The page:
United Kingdom: Economic activity deteriorates in November as fresh restrictions bite
GDP decreased 2.6% in November (October: +0.6% mom). The figure marked the worst reading since April, and was driven by a decline in the services sector. Subsectors such as accommodation and food services, and recreation and culture, suffered particularly sharp declines amid a second lockdown. However, GDP fell at a markedly softer rate than market expectations, and much less than in Spring 2020. This is likely due to firms and consumers now being better adapted to social distancing requirements, and the fact that the second lockdown was not as stringent as the first.
On a rolling quarterly basis, GDP rose 4.1% in September–November, which was well below August–October’s 10.5% expansion.
Economic activity will have remained downbeat in December and even more so in early 2021, due to the imposition of a third, even stricter lockdown in January to curb surging Covid-19 cases. Momentum should build from Q2 though, as vaccines are rolled out.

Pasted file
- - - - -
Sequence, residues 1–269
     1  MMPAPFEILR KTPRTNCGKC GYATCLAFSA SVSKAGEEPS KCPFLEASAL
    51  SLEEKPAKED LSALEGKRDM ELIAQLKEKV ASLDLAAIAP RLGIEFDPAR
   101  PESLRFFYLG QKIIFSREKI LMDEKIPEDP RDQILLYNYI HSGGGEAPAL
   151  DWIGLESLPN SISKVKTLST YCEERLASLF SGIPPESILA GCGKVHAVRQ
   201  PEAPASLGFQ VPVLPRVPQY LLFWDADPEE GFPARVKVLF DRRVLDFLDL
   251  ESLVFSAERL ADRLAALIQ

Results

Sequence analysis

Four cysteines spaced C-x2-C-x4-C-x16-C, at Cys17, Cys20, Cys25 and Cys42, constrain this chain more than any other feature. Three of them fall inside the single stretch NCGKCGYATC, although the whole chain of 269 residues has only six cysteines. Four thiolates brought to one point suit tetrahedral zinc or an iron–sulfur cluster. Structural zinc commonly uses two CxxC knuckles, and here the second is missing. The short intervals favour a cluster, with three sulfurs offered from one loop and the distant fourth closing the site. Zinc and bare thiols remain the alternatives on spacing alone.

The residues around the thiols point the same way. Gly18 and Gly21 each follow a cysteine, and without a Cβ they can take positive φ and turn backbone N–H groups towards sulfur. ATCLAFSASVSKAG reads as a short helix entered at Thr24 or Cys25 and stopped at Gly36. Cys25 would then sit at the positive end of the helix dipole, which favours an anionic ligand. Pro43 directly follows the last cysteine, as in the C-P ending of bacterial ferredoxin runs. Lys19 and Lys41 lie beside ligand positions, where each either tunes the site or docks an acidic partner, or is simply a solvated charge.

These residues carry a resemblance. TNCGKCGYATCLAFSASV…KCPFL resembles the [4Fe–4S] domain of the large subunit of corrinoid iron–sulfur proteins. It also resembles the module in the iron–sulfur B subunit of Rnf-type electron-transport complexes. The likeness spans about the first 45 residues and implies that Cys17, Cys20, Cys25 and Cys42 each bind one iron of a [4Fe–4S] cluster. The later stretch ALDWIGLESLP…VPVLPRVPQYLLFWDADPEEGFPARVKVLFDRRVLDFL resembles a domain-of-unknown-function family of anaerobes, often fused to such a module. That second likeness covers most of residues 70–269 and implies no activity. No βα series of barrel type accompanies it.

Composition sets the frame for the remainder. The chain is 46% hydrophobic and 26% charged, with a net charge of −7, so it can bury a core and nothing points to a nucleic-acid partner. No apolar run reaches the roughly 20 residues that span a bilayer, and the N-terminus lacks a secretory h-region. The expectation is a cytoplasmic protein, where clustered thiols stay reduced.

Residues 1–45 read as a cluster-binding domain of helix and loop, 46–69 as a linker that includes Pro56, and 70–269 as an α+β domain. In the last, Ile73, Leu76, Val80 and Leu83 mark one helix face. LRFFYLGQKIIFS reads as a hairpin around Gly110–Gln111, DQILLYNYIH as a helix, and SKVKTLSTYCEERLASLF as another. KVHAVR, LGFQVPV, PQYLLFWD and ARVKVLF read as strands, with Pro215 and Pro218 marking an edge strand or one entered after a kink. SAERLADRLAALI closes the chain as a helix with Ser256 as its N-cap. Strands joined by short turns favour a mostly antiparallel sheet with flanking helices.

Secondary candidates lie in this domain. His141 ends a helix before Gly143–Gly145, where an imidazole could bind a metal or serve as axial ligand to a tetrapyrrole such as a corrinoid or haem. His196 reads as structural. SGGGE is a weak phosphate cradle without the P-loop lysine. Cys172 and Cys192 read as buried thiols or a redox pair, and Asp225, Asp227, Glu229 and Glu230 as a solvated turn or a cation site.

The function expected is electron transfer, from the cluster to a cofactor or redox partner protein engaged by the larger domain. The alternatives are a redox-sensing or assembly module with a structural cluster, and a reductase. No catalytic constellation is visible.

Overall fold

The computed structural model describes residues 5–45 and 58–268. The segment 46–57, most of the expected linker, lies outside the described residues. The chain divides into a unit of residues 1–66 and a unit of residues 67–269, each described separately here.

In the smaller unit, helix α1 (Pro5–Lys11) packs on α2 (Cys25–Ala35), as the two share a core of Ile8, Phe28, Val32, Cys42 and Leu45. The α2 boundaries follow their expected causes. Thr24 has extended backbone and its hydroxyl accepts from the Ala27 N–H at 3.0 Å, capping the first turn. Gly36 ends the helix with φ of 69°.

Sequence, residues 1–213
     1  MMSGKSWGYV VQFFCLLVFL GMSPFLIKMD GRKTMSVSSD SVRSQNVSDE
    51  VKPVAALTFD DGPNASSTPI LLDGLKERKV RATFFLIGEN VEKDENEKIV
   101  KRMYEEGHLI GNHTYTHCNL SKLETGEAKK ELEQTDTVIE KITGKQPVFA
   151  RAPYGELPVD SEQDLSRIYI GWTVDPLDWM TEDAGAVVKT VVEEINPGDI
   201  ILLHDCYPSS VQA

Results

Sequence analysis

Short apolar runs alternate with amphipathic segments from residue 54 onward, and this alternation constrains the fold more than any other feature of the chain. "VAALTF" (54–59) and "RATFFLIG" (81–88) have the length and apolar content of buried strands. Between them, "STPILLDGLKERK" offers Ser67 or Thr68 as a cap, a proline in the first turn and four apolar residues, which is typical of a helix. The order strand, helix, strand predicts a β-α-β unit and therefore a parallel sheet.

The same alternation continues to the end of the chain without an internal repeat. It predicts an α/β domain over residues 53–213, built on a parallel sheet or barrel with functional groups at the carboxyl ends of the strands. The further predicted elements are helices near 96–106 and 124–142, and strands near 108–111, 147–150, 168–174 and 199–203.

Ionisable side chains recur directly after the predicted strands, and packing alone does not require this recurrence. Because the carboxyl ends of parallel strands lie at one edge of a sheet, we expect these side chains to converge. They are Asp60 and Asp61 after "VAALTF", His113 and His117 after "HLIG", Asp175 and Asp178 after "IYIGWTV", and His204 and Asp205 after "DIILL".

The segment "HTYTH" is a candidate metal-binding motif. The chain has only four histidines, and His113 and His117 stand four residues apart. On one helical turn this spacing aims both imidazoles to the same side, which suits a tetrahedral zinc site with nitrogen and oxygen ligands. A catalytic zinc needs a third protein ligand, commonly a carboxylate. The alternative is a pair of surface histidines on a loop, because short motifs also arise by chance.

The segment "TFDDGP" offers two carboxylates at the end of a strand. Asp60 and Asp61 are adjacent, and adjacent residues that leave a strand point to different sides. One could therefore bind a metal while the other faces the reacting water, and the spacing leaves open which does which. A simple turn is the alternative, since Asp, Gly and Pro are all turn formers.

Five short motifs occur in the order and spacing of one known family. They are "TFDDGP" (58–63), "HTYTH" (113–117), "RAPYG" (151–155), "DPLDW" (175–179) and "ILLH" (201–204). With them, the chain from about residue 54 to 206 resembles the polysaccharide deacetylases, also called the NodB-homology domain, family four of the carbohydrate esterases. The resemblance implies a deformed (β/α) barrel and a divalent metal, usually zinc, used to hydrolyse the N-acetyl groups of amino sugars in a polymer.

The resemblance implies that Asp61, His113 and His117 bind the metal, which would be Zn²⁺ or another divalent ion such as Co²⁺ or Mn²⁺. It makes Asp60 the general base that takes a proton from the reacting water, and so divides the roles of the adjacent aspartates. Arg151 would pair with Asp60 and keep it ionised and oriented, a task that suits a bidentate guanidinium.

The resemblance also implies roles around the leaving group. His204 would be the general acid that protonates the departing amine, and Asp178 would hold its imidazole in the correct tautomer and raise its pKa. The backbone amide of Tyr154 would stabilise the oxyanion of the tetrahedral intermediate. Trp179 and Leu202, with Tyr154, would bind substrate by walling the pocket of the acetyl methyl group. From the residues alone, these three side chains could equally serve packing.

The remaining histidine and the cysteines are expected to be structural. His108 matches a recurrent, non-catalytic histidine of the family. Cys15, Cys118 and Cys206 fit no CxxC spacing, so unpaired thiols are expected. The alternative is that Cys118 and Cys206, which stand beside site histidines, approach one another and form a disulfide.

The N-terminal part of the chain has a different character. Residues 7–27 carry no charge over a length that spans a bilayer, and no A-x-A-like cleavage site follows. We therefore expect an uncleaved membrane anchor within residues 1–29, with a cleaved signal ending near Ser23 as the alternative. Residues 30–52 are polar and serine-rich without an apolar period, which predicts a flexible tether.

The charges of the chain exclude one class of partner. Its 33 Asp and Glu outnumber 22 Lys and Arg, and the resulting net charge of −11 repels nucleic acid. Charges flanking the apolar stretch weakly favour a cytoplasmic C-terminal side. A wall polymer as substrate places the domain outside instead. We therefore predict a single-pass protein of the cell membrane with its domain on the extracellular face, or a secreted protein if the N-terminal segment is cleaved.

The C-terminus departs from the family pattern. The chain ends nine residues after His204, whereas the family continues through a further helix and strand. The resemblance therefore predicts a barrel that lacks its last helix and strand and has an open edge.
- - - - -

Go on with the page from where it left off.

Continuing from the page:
Commenting on November’s reading and the implications for Q4 GDP were analysts at Goldman Sachs:
“The decline was significantly smaller than expected and points to an even lower sensitivity of the economy to the Covid restrictions than we had assumed, including in services. On the back of today’s upside surprise, we upgrade our Q4 GDP tracking estimate further from -1.2% to -0.5%”.
Regarding the economy in 2021, the analysts at Goldman Sachs stated:
“We […] still expect a double-dip pandemic recession in the UK, […] but we maintain our view that UK activity will pick up strongly from the spring, as services activity is very depressed relative to pre-Covid levels, the UK remains well-placed to benefit from the vaccine (despite a slow start to the roll-out) and fiscal policy stays supportive in 2021.”